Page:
dc.identifier.citationProceedings Of The National Academy Of Sciences Of The United States Of America, 2011, v. 108 n. 25, p. 10260-10265en_HK
dc.identifier.issn0027-8424en_HK
dc.identifier.urihttp://hdl.handle.net/10722/137011-
dc.description.abstractLoss of cystic fibrosis transmembrane conductance regulator (CFTR) anion channel function causes cystic fibrosis (CF) lung disease. CFTR is expressed in airway epithelia, but how CF alters electrolyte transport across airway epithelia has remained uncertain. Recent studies of a porcine model showed that in vivo, excised, and cultured CFTR -/- and CFTR ΔF508/ΔF508 airway epithelia lacked anion conductance, and they did not hyperabsorb Na +. Therefore, we asked whether Cl - and Na + conductances were altered in human CF airway epithelia. We studied differentiated primary cultures of tracheal/bronchial epithelia and found that transepithelial conductance (Gt) under basal conditions and the cAMP-stimulated increase in Gt were markedly attenuated in CF epithelia compared with non-CF epithelia. These data reflect loss of the CFTR anion conductance. In CF and non-CF epithelia, the Na + channel inhibitor amiloride produced similar reductions in Gt and Na + absorption, indicating that Na + conductance in CF epithelia did not exceed that in non-CF epithelia. Consistent with previous reports, adding amiloride caused greater reductions in transepithelial voltage and short-circuit current in CF epithelia than in non-CF epithelia; these changes are attributed to loss of a Cl - conductance. These results indicate that Na + conductance was not increased in these cultured CF tracheal/bronchial epithelia and point to loss of anion transport as key to airway epithelial dysfunction in CF.en_HK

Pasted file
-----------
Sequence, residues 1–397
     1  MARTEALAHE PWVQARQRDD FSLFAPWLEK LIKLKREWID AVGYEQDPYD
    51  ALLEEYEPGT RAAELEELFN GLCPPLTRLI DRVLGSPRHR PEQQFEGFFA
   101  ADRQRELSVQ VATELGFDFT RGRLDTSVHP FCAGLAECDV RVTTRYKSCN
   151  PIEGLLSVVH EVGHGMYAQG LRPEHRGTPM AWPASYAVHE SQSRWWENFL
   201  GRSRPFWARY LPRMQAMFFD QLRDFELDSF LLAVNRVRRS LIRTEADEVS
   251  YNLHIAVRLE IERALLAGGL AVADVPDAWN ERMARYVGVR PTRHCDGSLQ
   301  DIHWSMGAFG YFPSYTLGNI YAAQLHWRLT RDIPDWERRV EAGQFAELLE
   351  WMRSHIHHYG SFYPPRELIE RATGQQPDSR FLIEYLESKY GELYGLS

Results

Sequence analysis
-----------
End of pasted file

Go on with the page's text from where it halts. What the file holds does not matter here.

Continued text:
dc.languageengen_US